You'll need wire and something to cut the wire. Also useful, something to file the wire and pliers to bend the wire. Additionally, beads or charms can be added.
Most importantly, you need to figure out the circumference of the widest part the bangle will need to slip over: your knuckles. There are two ways to go about this-- find a bangle that fits you well and use that, or take a narrow strip of paper and a piece of tape to make a temporary bangle/template.
Now the fun part begins!
You'll want a sturdy base for your bangle, at least 20 gauge wire, unless you are going to harden the wire or make a lot of wraps as the base to work from. Cut a length 2 or 3 times the length of your circumference plus an inch or two and make circles. Messy wrapped around circles if going for that look, carefully looped if imitating the green or beaded bangle in the pictures.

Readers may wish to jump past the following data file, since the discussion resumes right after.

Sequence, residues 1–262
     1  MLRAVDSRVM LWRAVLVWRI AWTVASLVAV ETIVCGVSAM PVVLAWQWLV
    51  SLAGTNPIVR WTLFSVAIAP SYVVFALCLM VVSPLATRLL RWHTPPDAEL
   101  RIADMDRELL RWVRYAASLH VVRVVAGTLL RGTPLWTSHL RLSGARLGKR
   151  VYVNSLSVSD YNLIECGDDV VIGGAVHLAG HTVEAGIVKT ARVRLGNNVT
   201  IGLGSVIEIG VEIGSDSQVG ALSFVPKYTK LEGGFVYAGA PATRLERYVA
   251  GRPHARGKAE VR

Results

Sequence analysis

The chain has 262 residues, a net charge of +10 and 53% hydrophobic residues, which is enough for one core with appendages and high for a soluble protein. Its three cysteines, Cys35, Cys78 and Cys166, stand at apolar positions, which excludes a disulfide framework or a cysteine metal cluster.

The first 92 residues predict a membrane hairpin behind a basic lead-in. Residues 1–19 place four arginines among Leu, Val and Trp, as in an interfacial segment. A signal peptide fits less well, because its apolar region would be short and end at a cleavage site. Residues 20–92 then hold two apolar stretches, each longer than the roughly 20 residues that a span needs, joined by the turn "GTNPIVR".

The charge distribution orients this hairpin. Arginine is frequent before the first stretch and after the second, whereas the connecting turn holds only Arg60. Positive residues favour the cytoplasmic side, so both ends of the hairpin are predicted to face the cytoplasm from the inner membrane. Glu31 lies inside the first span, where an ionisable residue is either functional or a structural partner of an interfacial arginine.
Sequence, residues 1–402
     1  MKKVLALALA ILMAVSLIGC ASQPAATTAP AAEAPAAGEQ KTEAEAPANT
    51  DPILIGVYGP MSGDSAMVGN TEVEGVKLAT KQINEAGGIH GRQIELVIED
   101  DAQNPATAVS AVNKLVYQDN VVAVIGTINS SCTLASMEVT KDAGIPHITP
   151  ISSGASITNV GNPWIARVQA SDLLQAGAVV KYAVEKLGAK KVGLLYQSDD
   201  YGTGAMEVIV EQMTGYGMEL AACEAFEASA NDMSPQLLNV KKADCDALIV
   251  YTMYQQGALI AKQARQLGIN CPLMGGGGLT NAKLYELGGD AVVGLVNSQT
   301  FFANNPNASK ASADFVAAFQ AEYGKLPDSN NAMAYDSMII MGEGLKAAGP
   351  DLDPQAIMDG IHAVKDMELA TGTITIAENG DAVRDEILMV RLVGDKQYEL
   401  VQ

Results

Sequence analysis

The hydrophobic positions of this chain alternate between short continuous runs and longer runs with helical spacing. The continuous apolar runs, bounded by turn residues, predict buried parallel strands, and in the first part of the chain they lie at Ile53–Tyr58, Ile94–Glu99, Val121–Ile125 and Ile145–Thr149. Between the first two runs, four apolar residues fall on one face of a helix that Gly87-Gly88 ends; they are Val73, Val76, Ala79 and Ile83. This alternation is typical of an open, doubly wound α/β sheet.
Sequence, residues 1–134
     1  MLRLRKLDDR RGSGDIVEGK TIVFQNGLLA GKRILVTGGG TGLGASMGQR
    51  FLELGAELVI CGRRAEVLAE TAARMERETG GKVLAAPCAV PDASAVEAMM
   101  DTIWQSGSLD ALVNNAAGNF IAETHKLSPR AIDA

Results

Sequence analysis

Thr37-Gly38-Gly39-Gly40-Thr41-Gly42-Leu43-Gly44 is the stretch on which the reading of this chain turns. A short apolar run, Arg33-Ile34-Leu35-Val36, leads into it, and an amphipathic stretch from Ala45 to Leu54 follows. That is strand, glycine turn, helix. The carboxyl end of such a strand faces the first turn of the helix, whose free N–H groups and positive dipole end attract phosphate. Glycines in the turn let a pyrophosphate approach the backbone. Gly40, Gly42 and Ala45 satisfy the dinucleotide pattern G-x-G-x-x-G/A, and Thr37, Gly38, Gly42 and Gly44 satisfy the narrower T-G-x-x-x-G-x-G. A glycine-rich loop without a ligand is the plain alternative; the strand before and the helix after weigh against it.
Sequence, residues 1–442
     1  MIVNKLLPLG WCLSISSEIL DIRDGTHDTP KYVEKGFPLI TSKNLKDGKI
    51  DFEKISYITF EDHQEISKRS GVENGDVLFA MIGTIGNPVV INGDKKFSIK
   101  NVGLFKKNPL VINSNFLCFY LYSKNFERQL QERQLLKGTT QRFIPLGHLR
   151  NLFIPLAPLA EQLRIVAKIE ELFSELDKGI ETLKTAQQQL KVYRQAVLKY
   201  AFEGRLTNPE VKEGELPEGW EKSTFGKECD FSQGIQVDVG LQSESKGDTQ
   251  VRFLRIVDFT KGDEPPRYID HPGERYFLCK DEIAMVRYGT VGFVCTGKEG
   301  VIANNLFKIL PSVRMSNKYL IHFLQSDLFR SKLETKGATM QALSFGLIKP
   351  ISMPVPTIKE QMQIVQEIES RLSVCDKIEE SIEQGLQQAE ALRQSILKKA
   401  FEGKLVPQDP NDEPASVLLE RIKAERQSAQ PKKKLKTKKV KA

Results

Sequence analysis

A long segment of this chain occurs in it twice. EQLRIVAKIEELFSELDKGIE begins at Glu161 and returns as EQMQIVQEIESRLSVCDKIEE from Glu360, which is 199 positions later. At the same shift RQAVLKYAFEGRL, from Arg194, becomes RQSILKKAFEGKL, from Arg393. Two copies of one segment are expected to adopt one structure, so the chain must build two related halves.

For the super easy bangles, messy is better. You're going to be adding more wires and randomly wrapping around later, anyway.
Once you have a solid base, the fun continues. Wrap another gauge of wire, another color of wire, whatever you like. Wrap tightly, wrap loosely- you can even wrap through sections of your base like I did with the copper and gold bracelet. Check out some wire weaving tutorials for more on that.
To make the spiraled bracelet, I wrapped wire tightly around a knitting needle and then stretched the "spring" it created out, weaving wire through it.
The green and beaded bangles are the more difficult ones. Tape or clamp to get the wires to line up nicely and then carefully wrap the ends. It is much, much easier to wire wrap like this with flat or half-round wire. Round wire does not make nice wraps (which is why the beaded bangle is messily wrapped).
The variations are just about endless and can be as elegant or as funky as you desire. Just remember to be mindful of wire ends. File them, hide them, make sure they aren't going to leave painful scratches or snag any clothing!